Straight on Till Morning
First Appeared in The Music Box, June 1998, Volume 5, #6
Written by John Metzger
This is a pretty decent album from Blues Traveler, but unfortunately it verges on being a formulaic remake of Four. The band is extremely tight throughout Straight on Till Morning, and there's no doubt these are great songs. They just pack much more power and conviction in concert than they do on this disc.
This may very well turn out to be a transitional album for Blues Traveler, and it seems to be looking for some new ideas. Some of the latest reports indicate that singer John Popper will play a lot more guitar and a lot less harmonica on the next album. As good as Popper is on harmonica, his signature playing has become less and less of a focus on the band's songs. At the same time, his vocals seem to improve with each album and subsequent tour, and it's his amazing voice that stands out on every song on this disc.
The best example is the hauntingly beautiful ballad Yours. Popper sounds amazingly vulnerable as the song begins. His voice meekly floats above the strumming of his 12-string acoustic guitar. Gradually, Blues Traveler jumps in as does a string section, giving the tune a sweetly majestic, but yearning aura of unrequited love.
Chan Kinchla seems to be experimenting with some different guitar techniques, tool. Blues Traveler has added an acoustic set to many of its concerts, and since the release of Four, Kinchla has learned to play guitar in the style of the Allman Brothers Band for concert versions of The Mountains Win Again. (Warren Haynes performs on the album). He brings this style to The Gunfighter with excellent results. Likewise, Bob Sheehan has an added buoyancy in his bass playing these days, and this is evident throughout Straight on Till Morning, and Brendan Hill's solid drumming anchors each song with brilliant precision.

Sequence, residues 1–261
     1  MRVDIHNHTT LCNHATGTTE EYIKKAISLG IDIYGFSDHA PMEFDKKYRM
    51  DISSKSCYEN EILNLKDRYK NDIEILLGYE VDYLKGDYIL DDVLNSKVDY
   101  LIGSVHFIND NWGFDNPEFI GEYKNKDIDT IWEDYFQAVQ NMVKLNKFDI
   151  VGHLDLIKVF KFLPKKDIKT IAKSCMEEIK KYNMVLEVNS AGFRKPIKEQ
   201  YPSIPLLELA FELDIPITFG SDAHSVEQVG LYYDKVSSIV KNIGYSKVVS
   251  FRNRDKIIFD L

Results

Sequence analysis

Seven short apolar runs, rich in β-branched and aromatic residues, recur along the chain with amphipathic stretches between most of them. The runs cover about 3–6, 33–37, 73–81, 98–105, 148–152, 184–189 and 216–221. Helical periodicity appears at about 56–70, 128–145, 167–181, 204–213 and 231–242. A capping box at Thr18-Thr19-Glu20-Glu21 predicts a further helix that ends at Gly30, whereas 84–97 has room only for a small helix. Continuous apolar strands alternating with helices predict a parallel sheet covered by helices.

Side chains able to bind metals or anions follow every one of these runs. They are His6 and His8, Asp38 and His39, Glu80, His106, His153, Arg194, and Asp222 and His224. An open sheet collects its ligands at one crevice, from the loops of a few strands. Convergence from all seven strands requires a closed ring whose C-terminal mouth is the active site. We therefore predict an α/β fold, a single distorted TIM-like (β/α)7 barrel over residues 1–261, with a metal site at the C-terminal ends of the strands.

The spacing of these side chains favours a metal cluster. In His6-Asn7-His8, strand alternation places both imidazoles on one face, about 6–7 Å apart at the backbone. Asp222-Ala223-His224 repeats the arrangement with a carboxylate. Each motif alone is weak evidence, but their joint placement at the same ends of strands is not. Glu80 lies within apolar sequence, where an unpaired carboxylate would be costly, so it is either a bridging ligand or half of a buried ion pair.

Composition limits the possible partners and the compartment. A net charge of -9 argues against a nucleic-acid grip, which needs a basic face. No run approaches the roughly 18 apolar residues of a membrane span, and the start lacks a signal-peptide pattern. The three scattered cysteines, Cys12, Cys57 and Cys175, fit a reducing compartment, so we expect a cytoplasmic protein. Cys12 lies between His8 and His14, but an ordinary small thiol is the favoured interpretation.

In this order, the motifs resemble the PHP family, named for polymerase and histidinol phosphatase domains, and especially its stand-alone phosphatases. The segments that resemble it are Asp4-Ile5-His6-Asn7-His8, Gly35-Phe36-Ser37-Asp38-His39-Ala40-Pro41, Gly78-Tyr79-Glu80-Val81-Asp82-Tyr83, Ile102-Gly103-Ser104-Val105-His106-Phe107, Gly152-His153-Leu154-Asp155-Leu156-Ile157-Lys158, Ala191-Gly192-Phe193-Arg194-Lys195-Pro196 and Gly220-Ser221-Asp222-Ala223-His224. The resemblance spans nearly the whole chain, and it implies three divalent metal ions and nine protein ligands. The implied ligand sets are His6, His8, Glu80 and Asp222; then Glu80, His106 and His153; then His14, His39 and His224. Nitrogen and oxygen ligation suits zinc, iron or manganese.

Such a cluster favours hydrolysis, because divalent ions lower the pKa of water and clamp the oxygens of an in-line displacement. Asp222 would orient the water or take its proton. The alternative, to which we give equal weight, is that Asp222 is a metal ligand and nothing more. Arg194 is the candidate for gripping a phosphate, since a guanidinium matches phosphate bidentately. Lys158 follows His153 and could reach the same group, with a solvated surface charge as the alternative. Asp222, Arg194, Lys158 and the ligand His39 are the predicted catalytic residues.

As usual, Popper's lyrics drive home the spirit of each song. He always has had a special knack for working in portions, themes, and characters of children's stories and nursery rhymes, and these are scattered everywhere on Straight on Till Morning. Even the title is drawn from Peter Pan. His references add a playful aspect to some of more the serious notions that lie beneath the surface of the material.
In short, Straight on Till Morning isn't Blues Traveler's best album, and it may be a bit formulaic. Even so, it's an enjoyable disc with some outstanding songs that are sure to stay in the band's repertoire for years to come. ½
Of Further Interest...
Straight on Till Morning is available from Barnes & Noble.
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1 Star: Pitiful
2 Stars: Listenable
3 Stars: Respectable
4 Stars: Excellent
5 Stars: Can't Live Without It!!
Copyright © 1998 The Music Box